By Kara Johnson-Hufford, CBHC CEO
In Greeley, teachers self-administered a survey in 1913 that revealed the need for a mental health center for their students. When the center opened, a child psychiatrist provided services one day a month. Now known as North Range Behavioral Health, the center has been continuously providing services and expanding well beyond the needs of students. This includes a safety net of care and interventions for the full range of community needs, including significant, persistent mental health issues to crisis intervention to substance use disorders.
Across El Paso, Park and Teller counties, Diversus Health continues the role started 145 years ago when the Springs Relief Society took on the job of supporting the area’s most vulnerable by delivering coal, lumber and clothing.
In Boulder County, Mental Health Partners began as a clinic within Boulder General Hospital more than 60 years ago. What started as an attempt by a dedicated group of volunteers to get mental health services for those in Boulder General as well as after-care services for individuals who were leaving in- patient psychiatric care now continues this role as well as expanded efforts to provide the full range of crisis mental health services, substance use disorder supports and mental health services for individuals who need everything from general counseling to those whose issues require deeper interventions.
These origin stories say a lot about why community mental health centers exist across the state and why the 16 organizations who make up the system look the way they do. They’ve always been driven by community need. In fact, the initial community mental health center system was built or evolved specifically to take care of the most seriously mentally ill in communities.
Through a series of federal laws passed from 1965 through 1981, the federal government moved away from oversight of this kind of care, opting instead to block grant decreasing amounts of money to individual states to stand up their own systems of care for the most vulnerable. With federal funds drying up and state funding not yet matching the previous investment, many community mental health centers were struggling to survive. The ability to receive Medicaid dollars, approved by the Colorado legislature in 1980, was a lifeline for many communities who had little to no other avenues to support those who most needed the help.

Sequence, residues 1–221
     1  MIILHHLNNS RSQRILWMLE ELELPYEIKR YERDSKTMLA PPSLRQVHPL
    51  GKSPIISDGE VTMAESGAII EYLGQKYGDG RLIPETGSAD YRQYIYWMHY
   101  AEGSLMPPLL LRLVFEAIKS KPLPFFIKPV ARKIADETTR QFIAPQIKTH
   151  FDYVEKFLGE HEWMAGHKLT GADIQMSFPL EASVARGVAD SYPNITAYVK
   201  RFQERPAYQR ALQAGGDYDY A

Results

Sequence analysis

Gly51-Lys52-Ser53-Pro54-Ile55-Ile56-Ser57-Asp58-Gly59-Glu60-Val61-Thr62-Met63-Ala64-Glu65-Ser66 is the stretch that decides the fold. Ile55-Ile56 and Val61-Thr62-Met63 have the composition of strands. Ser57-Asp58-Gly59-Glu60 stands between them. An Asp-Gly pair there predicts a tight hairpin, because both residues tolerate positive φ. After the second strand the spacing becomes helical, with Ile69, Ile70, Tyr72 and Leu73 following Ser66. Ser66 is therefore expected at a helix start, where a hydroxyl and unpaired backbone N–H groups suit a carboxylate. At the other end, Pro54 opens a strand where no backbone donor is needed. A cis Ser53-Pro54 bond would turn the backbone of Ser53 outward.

Today, our state’s 17 community mental health centers and clinics serve more than 200,000 Coloradans each year with a range of mental health and substance use disorder services. By building and maintaining infrastructure in every area of the state, much of it operating 24 hours a day, seven days a week, 365 days a year, these community centers are delivering foundational mental health and addiction recovery services in the most effective, efficient way possible.
And they are doing it, as always at the request of their communities, to meet the needs identified on the ground. You see this in the programs of Southeast Health Group, now merged with Valley-Wide Health Systems. As farmers and ranchers in the area began to experience some of the nation’s highest suicide rates, centers there adapted to provide outreach and supports tailored to that community’s culture and need. Denver’s WellPower responded to persistent challenges for individuals living unhoused by developing permanent supportive housing to meet a variety of needs for individuals living with mental health issues. Community Reach Center saw the unmet need of children with serious mental health issues. The center now operates two pediatric practices to ensure at-risk children with special needs who have Medicaid, can receive the care they need.
The roots of Colorado’s community mental health centers run deep. While each may look different, they all grow from the seed of community.